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The Blender

Nelly, Cole Swindell, Jimmie Allen among 30 acts at festival added to NASCAR Cup Series weekend

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Music, motor sports and technology line up for the new Confluence Festival: Crossroads of Concert & Community, taking place June 3-5 at World Wide Technology Raceway in Madison.

The festival is part of the NASCAR Cup Series Enjoy Illinois 300. The event kicks off June 2 with a free Ballpark Village Fan Fest, which includes a parade, music and other activities downtown.

The Confluence Festival will include headlining performances by Nelly, Old Dominion, Jimmie Allen, Cole Swindell, Kameron Marlowe, Dee Jay Silver and Alexandra Kay.

Also on the bill are Tim Dugger, River Kittens, the Steve Ewing Band, Dr. Zhivegas, Joe Dirt & the Dirty Boys, Marquise Knox, Saint Boogie Brass Band, DJ Mahf, Red and Black Brass Band, Lamar Harris, Michael B. Whit, Malena Smith and FanFare. There will be special performances presented by the Muny, the St. Louis Symphony Orchestra, Jazz St. Louis and the Sheldon Concert Hall featuring Kennedy Holmes, Keyon Harrold, Brian Owens, Jean Baylor and Shedrick Mitchell.

Alexandra Kay at Hollywood Casino Amphitheatre

Alexandra Kay performs April 30, 2022, at Hollywood Casino Amphitheatre.

The national, regional and local acts will perform on five stages.

This is the first time the NASCAR Cup Series race has taken place in the St. Louis area, and it’s the biggest event ever at the raceway. Organizers expect it will draw 83,000 spectators, with a projected economic impact of $60 million for the region.

“It’s like hosting the World Series or the Super Bowl as far as economic impact,” says Chris Blair, executive vice president and general manager of World Wide Technology Raceway. “We’ve sold tickets in 49 states, four Canadian provinces and five countries outside of North America.

“This is the big one we’ve been trying to get.”

Tickets for the race have been on sale since last year (, but the Confluence Festival was a new addition.

World Wide Technology Raceway

World Wide Technology Raceway

Blair, who has worked in the motor sports world since 1988, says the Confluence Festival at the Enjoy Illinois 300 “is unlike anything I’ve ever been involved with, and I’ve worked at this from the highest levels. We’ve had other events with music on a smaller scale, but as far as going all in like we’re doing — 30 bands, five stages and many headliners — this is what we always dreamed of pulling off.”

The Confluence Festival is the brainchild of David L. Steward, founder and chairman of WWT, and Curtis Francois, owner and CEO of World Wide Technology Raceway.

“We promised our fans a world-class event, and this festival will deliver on a whole new level,” says Francois, who took over the racetrack in 2012.

“They’re using the platform to showcase St. Louis and the metro region,” says Blair, who refers to the NASCAR Cup Series Enjoy Illinois 300 as the “holy grail” of motor sports.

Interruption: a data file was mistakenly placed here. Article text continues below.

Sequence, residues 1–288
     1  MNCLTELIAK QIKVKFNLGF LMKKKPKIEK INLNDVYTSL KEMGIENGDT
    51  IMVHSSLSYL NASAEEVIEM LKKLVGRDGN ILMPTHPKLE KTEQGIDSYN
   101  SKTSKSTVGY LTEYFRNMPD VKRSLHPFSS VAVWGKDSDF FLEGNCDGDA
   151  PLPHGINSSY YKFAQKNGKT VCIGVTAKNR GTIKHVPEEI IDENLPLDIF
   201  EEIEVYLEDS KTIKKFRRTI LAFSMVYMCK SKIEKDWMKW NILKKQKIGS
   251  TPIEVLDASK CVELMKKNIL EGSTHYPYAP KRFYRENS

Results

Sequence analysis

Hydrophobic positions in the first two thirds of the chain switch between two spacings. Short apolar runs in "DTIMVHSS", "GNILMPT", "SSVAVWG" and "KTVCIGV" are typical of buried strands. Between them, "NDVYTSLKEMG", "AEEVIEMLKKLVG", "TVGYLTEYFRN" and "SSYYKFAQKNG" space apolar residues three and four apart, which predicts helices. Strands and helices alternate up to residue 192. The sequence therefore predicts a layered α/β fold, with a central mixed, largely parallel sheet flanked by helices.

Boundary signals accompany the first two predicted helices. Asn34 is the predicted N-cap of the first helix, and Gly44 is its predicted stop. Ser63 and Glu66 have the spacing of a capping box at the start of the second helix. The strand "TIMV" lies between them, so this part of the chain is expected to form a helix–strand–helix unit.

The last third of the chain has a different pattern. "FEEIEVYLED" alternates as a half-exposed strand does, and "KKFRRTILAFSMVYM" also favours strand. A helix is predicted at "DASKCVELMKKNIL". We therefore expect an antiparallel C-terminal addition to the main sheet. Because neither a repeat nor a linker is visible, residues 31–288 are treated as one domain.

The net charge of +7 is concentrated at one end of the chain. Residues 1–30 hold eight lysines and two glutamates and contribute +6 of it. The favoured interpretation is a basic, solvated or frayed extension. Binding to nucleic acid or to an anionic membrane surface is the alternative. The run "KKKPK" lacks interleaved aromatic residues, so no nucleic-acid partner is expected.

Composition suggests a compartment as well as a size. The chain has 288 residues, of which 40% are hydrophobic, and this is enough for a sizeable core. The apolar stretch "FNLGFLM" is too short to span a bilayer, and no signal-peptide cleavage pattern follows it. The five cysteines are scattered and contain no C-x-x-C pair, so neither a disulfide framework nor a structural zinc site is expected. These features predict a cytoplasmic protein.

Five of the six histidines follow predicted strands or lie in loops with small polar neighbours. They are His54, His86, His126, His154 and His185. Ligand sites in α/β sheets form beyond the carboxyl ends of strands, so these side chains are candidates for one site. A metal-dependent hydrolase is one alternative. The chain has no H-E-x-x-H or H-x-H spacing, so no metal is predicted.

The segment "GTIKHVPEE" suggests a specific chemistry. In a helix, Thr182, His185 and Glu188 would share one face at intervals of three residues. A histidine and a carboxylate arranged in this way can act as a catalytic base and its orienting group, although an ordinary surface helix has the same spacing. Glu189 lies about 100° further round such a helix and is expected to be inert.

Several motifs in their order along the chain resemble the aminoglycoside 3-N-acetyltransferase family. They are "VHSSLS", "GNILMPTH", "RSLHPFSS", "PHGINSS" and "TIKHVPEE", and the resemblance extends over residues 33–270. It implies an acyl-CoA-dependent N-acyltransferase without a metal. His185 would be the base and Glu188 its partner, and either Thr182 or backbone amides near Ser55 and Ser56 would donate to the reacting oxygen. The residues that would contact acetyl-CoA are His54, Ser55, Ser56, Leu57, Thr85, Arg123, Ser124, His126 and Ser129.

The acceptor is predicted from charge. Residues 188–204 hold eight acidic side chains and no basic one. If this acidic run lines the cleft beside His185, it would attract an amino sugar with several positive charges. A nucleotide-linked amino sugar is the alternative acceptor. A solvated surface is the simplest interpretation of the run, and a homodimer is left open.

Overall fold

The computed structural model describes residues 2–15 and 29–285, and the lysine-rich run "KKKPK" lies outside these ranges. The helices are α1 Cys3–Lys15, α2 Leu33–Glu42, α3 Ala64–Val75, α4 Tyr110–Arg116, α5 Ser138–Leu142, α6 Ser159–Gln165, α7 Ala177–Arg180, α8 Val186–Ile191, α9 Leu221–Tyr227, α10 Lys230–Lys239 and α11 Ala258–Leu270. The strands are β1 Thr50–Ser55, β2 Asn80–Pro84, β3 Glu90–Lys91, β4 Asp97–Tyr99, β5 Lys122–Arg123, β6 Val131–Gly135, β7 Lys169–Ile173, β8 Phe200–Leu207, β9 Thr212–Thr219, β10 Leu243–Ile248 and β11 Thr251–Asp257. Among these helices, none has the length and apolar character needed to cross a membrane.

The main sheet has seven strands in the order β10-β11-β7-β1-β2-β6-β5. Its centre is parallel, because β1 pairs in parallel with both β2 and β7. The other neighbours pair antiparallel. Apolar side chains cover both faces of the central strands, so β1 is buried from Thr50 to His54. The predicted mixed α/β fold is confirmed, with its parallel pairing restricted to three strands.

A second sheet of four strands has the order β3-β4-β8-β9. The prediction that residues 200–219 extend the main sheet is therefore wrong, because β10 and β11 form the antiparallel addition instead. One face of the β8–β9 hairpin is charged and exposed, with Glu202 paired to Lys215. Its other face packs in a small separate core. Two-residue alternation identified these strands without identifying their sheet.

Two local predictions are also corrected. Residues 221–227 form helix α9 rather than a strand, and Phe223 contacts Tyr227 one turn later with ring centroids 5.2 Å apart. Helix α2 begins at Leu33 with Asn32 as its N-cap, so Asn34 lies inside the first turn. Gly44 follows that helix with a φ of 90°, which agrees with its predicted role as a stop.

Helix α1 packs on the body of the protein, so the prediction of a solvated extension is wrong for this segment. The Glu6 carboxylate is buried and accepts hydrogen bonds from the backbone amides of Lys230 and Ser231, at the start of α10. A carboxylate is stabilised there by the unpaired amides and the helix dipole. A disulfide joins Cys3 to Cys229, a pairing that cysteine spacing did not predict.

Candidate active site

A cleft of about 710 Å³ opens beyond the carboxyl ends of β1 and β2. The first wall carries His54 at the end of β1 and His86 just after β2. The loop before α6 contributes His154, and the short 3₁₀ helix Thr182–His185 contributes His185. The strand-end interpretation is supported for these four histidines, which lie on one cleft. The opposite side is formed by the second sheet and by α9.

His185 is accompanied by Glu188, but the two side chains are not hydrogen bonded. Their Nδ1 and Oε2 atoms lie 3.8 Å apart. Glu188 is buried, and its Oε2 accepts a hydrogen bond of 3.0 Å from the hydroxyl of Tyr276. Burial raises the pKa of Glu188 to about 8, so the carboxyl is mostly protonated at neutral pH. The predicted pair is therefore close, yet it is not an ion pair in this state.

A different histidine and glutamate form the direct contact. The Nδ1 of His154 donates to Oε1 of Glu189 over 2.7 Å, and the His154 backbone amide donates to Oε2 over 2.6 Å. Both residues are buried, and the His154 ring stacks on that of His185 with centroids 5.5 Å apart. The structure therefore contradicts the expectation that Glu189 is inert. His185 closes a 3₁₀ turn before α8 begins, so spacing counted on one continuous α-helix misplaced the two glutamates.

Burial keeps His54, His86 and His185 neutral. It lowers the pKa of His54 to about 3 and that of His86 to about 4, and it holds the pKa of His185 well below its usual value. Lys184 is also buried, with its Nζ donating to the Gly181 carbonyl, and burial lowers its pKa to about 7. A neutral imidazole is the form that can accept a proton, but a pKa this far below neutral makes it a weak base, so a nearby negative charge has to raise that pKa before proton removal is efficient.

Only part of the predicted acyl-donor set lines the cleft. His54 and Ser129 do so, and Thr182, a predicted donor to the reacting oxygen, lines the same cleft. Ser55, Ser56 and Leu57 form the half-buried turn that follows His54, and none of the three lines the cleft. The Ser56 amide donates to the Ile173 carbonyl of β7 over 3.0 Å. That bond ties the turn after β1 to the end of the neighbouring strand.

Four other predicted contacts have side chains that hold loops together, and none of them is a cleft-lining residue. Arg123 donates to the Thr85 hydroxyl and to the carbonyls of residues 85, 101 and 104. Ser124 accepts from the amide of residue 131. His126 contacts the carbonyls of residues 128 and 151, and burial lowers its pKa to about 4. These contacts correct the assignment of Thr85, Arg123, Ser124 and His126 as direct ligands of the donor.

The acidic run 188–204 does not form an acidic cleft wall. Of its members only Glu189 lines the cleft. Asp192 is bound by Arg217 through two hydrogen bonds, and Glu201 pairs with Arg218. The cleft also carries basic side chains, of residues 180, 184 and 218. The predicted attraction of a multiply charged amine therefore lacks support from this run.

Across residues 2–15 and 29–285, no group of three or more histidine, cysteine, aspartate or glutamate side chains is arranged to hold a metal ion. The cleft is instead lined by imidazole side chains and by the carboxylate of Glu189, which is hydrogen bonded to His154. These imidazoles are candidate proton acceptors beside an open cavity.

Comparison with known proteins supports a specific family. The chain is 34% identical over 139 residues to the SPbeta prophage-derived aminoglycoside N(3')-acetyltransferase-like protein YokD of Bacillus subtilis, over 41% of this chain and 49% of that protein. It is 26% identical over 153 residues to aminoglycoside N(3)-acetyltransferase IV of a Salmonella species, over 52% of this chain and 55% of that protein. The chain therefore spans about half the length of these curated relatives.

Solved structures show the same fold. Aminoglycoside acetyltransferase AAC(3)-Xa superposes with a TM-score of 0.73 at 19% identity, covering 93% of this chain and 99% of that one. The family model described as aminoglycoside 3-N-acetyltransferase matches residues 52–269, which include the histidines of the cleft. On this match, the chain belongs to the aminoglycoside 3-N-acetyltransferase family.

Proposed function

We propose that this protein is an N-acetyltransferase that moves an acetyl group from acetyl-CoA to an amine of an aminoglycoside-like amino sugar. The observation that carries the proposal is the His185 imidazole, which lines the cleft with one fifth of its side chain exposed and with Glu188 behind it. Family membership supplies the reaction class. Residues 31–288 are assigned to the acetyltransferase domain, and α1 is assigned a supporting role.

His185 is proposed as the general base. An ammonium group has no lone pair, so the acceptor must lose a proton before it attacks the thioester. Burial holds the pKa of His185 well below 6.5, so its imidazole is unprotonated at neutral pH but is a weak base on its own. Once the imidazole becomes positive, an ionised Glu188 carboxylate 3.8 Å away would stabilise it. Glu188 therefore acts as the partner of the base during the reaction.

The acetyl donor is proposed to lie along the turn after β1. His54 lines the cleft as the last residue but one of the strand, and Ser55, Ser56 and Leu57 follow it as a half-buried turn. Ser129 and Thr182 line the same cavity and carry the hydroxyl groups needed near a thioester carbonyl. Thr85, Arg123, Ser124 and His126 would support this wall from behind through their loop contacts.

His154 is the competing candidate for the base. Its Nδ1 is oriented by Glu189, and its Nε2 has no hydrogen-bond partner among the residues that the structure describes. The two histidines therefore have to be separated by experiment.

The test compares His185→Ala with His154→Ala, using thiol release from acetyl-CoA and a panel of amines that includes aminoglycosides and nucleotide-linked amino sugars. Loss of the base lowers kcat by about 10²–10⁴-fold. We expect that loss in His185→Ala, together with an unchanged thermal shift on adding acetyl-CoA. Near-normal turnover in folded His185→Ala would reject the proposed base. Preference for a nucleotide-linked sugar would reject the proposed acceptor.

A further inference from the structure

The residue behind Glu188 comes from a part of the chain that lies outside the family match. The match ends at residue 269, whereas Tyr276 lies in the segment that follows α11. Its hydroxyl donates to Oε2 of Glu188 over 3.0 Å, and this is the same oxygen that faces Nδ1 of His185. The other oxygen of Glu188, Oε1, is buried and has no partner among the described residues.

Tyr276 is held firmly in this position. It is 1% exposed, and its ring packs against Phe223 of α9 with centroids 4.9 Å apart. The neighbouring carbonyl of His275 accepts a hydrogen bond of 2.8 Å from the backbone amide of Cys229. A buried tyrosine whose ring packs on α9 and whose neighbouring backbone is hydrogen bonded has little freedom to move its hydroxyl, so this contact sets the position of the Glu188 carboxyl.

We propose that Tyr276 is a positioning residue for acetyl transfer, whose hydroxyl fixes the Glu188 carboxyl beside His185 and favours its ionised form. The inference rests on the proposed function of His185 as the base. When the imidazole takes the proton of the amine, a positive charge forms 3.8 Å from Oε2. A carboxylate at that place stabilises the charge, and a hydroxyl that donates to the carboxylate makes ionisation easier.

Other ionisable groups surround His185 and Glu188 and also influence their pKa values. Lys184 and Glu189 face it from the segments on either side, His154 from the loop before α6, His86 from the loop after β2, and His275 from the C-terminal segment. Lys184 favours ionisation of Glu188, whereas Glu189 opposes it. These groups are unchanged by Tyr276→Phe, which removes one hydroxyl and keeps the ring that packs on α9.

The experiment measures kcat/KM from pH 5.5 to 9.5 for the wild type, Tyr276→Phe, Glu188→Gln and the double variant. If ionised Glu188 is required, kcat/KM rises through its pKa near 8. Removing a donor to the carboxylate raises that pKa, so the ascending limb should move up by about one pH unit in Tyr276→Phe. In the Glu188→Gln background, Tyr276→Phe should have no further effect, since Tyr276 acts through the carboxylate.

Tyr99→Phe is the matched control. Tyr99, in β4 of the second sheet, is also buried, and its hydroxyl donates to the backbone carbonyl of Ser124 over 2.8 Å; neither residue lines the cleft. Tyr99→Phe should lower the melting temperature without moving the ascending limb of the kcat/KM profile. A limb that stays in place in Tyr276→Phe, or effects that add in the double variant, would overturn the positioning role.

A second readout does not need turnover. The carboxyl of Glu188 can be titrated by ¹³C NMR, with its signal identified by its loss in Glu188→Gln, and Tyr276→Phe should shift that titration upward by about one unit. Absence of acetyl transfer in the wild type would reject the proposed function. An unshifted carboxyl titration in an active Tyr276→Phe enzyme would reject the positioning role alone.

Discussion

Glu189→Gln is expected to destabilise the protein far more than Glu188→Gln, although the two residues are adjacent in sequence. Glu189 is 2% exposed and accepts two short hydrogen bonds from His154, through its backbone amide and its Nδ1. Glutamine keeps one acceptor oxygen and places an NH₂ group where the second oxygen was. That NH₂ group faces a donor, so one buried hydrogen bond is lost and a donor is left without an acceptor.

Securing the race is huge for the venue, but it needed to be more than just a race.

“Both Curtis and David are visionaries who love to do things big,” Blair says. “One thing David said was we’re gonna make sure this is a party like no one has seen before. When David makes a big statement, he backs it up.”

Festival producer Kwofe Coleman, who is also president and CEO of the Muny, says Steward and Francois’ vision for the festival is to “showcase the diversity of music here and our ability to attract top-level acts. We were looking for acts across all the genres. We wanted to check all the boxes — country, rock, blues, hip-hop are all represented here.

“A music festival like this can feature A-list acts and those on their way there and put them side-by-side.”

The festival can also spotlight a group that might seem out of place at a racetrack setting, such as the St. Louis Symphony Orchestra, Coleman says.

“When you’re dealing with an NFL game or hockey, there are restrictions on what you can do around the arena or field,” Blair says. “NASCAR let us build whatever we wanted. We are able to get creative and throw everything at the wall. We took a clean canvas and created the artwork. The goal is when people come to St. Louis for the races and festival, they see something they’re not going to see at any other track in the country.”

The festival’s STEM activities will include RaceAR featuring augmented-reality race simulations on the midway. Related community youth programs will showcase robotics, karting and STEM with hands-on activities. An electronic sports tournament featuring 16 local high school teams also is scheduled.

“There’s a significant amount of technology that surrounds the sport of racing that’s interesting and engaging to audiences,” Coleman says. “It’s an opportunity to tie that into some of the learning initiatives kids are getting in science and technology, and they’re seeing it in real time in front of them.”

But the technology aspect won’t appeal only to young visitors.

“We’re also trying to engage the typical racing fan so they can see the cool stuff World Wide Technology is developing,” Blair says. “There’s a cool factor and a wow factor for everyone of all ages. For old guys like me, they can see something they never thought they’d see in their lifetime. World Wide Technology is leading the charge of what the next phase of live technology looks like.”

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